Chapter 34: The Pope
As we stroll past the docks, Sabonis stares down the Aussie with the machine pistol lounging on the platform of his catamaran. “If I get my hands on a long bow, that bastard’s going down.”
“That’d be murder,” I say, as if murder mattered, was immoral or even possible in the land of the dead.
“No shit, Sherlock,” says Sabonis. “Bet it’s not the first time for that punk.”
We approach the throng of onlookers, not quite as damaged as the residents of Gihon, but they show plenty of wear and tear: missing fingers, teeth, eyes.
“Anyone seen Hector Delgado?” Sabonis bellows. “Mr. D?”
The people murmur amongst themselves.
“Anybody?” says Sabonis.
“He vas vit da Pope,” says a slender man, trouser-less, but wearing a shirt with long tails.
“Could’ve told you that myself,” says Sabonis. “Thanks anyway.”
The crowd parts. Some follow as we pass the first rank of houses lining the beachfront.
The houses behind them are embedded in the ground, clinging to a constant, level plane as the valley floor rises, as if a mudslide hit the town and they never dug out. Soon the rooftops are only knee-high. Walkways plunge into trenches shored with timbers and walls of stone and brick. The town transforms into a subterranean network of alleys and catacombs.
“What if he’s down there?” I say as we follow the rim of a trench.
“Not a chance,” says Sabonis. “He ain’t one to mingle with the masses. Too paranoid. And for good reason. Up here, no one can fuck with him but us Fringers.”
The rooftops become flush with the ground and turfed over. They remind me of pictures of the subterranean stone churches of Ethiopia—buildings carved down into bedrock.
We walk above the fray milling through a small plaza with market stalls displaying fish and fruit and nuts along some miscellaneous detritus of the living world combed from beaches—poly sacks, single sneakers and clear plastic bottles.
A few people venture above their roofs to tend gardens and orchards, growing cabbages, carrots and beets, among the trees—olives, hazelnuts and plums. Those with constitutions stout enough to do so nevertheless wheeze and whinge as they work, backs slumped, feet dragging like Himalayan mountaineers. Some must retreat to the alley staircases to recuperate. Envious eyes track us as we stroll with ease among the groves.
I spot two of the spear wielders from the docks tracking our progress from the trench below. They have tailed us all the way from the beach, neither daring to surface.
We come upon a row of stilted wooden platforms. I mistake them for drying racks, but they are littered with sickly-looking people. Most sprawl listless and silent. A few bob and pray to the orb. They moan and groan and cry as we pass. A Fringer woman hauls a bucket of water from platform to platform, refilling bowls.
“What’s all this?” I say.
“Penance,” says Sabonis.
“For what? Who?”
“They just do it,” says Sabonis. “Nobody’s makin’ ’em. Pope don’t give a crap.”
“This is going to sound stupid,” I say. “But is the Pope Catholic?”
“Actually … no,” says Sabonis. “It’s just a made-up title. He’s actually just another Fringer able to stick his nose a little higher than the rest. That’s all it takes to go far in a place like this. Was a time folks like you and me’d be treated like Kings here. That’s why all that bullshit we went through on the docks still sticks in my craw.”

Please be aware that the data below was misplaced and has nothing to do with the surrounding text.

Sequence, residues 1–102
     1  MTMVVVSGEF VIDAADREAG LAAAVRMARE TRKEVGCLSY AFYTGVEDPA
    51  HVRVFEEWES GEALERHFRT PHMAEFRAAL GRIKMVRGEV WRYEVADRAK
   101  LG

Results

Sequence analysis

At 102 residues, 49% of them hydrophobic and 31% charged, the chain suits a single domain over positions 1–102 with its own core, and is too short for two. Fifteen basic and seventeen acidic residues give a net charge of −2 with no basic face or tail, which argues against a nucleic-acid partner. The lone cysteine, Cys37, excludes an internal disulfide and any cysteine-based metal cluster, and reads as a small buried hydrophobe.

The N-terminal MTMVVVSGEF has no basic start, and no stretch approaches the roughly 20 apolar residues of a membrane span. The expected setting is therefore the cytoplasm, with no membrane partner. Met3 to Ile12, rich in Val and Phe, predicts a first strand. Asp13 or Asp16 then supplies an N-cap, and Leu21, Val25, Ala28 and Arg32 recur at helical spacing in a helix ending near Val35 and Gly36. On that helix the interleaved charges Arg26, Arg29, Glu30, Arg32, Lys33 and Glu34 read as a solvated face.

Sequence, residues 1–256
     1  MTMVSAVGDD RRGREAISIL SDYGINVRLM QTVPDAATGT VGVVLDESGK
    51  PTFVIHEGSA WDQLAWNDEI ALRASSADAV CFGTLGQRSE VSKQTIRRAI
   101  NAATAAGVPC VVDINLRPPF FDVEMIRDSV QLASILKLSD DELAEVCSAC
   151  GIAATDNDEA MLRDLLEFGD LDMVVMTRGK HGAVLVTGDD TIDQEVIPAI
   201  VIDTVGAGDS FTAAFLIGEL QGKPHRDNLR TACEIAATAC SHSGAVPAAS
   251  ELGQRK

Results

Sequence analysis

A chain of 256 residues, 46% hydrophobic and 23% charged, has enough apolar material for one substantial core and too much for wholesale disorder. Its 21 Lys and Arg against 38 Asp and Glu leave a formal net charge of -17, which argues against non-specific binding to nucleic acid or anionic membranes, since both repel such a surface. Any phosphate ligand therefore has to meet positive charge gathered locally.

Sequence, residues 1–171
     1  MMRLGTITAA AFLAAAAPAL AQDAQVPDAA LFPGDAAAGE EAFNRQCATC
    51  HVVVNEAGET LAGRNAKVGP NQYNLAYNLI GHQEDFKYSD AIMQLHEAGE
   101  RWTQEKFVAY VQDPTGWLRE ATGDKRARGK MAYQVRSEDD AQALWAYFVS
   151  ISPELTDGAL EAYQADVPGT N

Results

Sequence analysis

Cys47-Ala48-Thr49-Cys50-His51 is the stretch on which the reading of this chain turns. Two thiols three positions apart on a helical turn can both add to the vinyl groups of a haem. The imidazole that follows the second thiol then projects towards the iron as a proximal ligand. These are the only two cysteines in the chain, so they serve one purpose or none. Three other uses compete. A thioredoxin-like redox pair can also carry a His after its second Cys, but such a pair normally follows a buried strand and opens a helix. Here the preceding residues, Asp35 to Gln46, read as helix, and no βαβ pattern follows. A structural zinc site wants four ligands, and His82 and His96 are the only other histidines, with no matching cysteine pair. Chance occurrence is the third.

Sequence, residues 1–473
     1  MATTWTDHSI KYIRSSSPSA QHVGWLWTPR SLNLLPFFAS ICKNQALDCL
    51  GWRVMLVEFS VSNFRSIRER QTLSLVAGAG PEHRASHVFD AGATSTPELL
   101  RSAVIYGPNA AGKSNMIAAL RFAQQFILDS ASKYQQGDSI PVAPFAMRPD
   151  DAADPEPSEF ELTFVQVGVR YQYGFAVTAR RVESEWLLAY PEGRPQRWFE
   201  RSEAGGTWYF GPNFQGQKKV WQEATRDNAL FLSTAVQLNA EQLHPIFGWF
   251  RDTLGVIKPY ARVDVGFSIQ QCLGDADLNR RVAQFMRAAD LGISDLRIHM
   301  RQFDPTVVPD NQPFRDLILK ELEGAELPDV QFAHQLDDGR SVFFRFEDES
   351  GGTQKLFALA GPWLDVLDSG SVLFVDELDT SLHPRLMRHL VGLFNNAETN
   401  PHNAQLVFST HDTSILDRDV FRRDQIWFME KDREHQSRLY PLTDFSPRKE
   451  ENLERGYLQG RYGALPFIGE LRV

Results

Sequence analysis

We lose the men tailing us when the trench narrows and disappears into a tunnel. For a good long stretch, the ground stays unbroken before opening up into another, deeper plaza with a massive, gnarled maple at its center.
“Pope’s friend Yoshiko lives down there. She’s technically a Cardinal. But you’d never know it from lookin’ at her. This Pope don’t bother with the robes and all that crap.”
Sabonis whistles into the pit. It echoes through the grottoes leading off the plaza. A woman in a royal blue shift appears.
Beaming a broad smile she trots up a set of stairs cut into the wall of the trench and gives him a hearty hug.
“How ya been?” says Sabonis.
“Same old, same old.” She speaks perfect English.
“Listen. I’m here trying to find Delgado.”
Her eyes narrow to slits. “Is this about that boat of yours?”
“Well, yeah. Fuckin’ Hector stole it right from the beach. Slaughtered my watch.”
“Oh really? He told us he traded you for it, and now you’re trying to welch out of the deal.”
“Traded me what? The dregs of a rum bottle?”
“A favor in the forelife, or so he says.”
“Where is that fucker? He with the Pope?”
“I’m sorry. It’s an official audience. Off limits.”
“Fuck that. Where are they? Up in the high temple?” He flicks head towards the ravine’s headwall and a structure like a squared-off Stonehenge—the only building away from the beach front that rises above the natural surface of the valley floor.
“Doesn’t matter where they are. You’re too late. Hector’s probably already left.”
Sabonis bugs his eyes. His face turns red.
Yoshiko smiles and puts her hand on my, coaxes me to turn. I comply, reluctantly. “New girlfriend? This one’s pretty.”
Sabonis squints down towards the harbor. Trees and buildings block our view. “Dang it! Can’t see the docks from here. Dan, do me a favor. Climb up that hill a ways and see if my cat’s still there.”
“Um … okay.”
I cross through a patch of stumps to the valley wall. It’s steep but walk-able. I climb through a mix of creeping willow, blueberry and heather. As I rise, more of the harbor creeps into view. I spot the dark indentation of the river, the gazebo. The catamaran sits snug and calm, bobbing gently beside the pier.
Sabonis, halfway to the temple now, shouts up at me. “Is it still there?”
“Yup.” I give a thumbs-up.